Serverless is important, and we should all care about it, even though it's a silly buzzword: like NoSQL before it, the term describes "negative space" – what it isn't rather than what it is. What's serverless? A cat is serverless, donuts are serverless, and monster trucks are serverless.
What does serverless really mean in practice? It means that your code and the infrastructure it runs on are completely decoupled – if there are VMs or containers or punch card machines somewhere, you don't need to know about them. There's no notion of an "instance" or paying for an instance for that matter. It's Functions as a Service.
In addition to potentially lowering resource costs, serverless is also an attractive alternative to other architectures, as programmers don't need to worry about provisioning and managing these resources. Some organizations are even considering skipping microservices and moving straight to a pure-serverless architecture.
Of course, these serverless functions still run on servers, and that has real consequences for performance.
In his recipe for becoming a successful programmerrecipe for becoming a successful programmer, Peter Norvig reminds us that "there is a 'computer' in 'computer science.'" Likewise, there is a "server" in "serverless." Norvig's point is that while we can reason abstractly about performance in terms of asymptotic behavior, the constants still play an important role in how fast programs run. He urges programmers to understand how long it takes to lock a mutex, perform a disk seek, or send a packet from California to Europe and back (see figure).
Two numbers about the performance of servers are especially relevant to serverless:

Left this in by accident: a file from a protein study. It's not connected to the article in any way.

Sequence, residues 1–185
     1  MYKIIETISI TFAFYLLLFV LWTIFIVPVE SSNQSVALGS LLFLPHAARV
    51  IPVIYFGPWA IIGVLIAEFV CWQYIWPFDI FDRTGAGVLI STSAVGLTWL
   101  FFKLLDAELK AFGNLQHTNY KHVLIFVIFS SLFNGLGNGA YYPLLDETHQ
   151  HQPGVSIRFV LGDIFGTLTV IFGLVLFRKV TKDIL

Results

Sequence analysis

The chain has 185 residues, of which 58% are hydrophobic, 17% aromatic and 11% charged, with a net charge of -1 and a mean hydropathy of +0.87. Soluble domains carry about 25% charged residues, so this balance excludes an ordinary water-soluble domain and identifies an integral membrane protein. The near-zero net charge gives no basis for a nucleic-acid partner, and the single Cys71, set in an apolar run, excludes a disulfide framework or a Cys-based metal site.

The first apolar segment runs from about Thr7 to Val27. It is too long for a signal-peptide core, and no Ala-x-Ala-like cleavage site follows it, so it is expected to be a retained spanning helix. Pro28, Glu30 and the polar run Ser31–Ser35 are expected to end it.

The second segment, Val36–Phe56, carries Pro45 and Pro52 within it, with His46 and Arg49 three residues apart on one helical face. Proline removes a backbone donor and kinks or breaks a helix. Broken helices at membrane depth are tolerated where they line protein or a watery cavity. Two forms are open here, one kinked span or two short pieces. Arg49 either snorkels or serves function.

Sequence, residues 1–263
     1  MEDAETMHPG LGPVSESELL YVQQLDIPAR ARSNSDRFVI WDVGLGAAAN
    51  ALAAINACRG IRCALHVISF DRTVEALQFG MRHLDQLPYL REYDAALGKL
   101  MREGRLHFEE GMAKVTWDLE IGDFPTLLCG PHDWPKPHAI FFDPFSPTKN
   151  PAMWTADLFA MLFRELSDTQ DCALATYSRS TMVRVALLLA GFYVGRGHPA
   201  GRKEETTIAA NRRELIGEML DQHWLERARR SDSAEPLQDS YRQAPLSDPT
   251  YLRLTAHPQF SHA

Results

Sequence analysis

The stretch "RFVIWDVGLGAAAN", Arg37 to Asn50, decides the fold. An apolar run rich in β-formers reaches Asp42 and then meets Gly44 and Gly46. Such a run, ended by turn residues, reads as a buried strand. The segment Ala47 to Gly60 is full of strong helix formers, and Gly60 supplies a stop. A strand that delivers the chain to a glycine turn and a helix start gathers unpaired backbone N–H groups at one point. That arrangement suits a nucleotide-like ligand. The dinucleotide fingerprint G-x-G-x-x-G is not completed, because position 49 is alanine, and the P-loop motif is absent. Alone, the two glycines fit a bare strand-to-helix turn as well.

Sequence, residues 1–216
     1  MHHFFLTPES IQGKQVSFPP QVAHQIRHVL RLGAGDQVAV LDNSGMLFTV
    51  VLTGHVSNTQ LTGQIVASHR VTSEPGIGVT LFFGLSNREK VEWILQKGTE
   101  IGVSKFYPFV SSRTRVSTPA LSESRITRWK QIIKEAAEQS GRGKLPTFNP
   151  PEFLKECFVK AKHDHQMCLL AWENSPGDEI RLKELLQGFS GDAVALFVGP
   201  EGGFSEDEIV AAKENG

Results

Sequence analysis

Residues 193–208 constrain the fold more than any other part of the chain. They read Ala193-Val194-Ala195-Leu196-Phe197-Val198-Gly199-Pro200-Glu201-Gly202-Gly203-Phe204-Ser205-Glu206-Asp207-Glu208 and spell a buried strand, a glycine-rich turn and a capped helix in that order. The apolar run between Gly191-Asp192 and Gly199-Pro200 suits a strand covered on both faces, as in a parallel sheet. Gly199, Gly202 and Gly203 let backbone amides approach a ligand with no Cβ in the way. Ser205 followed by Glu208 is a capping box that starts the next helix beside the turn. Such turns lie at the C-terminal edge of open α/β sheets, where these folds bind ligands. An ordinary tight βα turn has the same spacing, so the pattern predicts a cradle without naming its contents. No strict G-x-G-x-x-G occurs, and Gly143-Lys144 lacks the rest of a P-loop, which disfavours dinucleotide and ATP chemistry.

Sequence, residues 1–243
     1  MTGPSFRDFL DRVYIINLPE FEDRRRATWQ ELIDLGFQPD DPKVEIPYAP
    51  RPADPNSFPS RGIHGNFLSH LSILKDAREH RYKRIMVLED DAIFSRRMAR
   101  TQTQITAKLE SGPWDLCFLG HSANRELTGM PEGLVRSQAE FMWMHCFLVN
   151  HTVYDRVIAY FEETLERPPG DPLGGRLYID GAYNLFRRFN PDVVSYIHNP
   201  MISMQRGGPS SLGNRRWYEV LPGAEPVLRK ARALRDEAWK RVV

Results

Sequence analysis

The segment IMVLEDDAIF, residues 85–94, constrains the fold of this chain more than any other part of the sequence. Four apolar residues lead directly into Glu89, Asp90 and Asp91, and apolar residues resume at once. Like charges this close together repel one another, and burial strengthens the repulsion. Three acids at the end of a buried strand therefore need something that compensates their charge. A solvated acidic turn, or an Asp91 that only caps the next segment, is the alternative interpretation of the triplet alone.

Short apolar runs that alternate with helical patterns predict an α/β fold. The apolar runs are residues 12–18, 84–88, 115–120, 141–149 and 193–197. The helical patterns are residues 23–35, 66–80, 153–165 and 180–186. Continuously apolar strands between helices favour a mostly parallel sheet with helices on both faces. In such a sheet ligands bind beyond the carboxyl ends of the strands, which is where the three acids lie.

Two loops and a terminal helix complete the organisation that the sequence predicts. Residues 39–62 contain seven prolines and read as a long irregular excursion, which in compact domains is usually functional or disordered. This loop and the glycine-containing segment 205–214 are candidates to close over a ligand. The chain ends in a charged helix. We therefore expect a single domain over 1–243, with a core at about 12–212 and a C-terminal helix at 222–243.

A main memory reference is about 100 nanoseconds.
A roundtrip RPC (even within a single physical datacenter) is about 500,000 nanoseconds.
This means that a function call within a process is roughly 5,000 times faster than a remote procedure call to another process. (Thanks to Peter and Jeff Dean for calling these out.)
Serverless is often promoted as a way of implementing stateless services. And while there can be an opportunity there, even stateless functions need access to data as part of their implementation. If some of these data must be fetched from other services (which happens more often than not with something that's stateless!), that performance difference can quickly add up.
One solution to this problem is (of course) a cache, but a cache requires some persistent state across requests, and that's the antithesis of a serverless model. While these services might be stateless in terms of their functional specification and behavior, state can open the door to important optimizations. And when you add state to a serverless function, it starts to look a lot like a microservice.
Serverless has its place, especially for offline processing where latency is less of a concern, but often a small amount of context (in the form of a cache) can make all the difference for performance. And while it's tempting to "skip" ahead to a serverless architecture, this might leave you in a situation where you need to step back to an orders-of-magnitude more performant services-based one.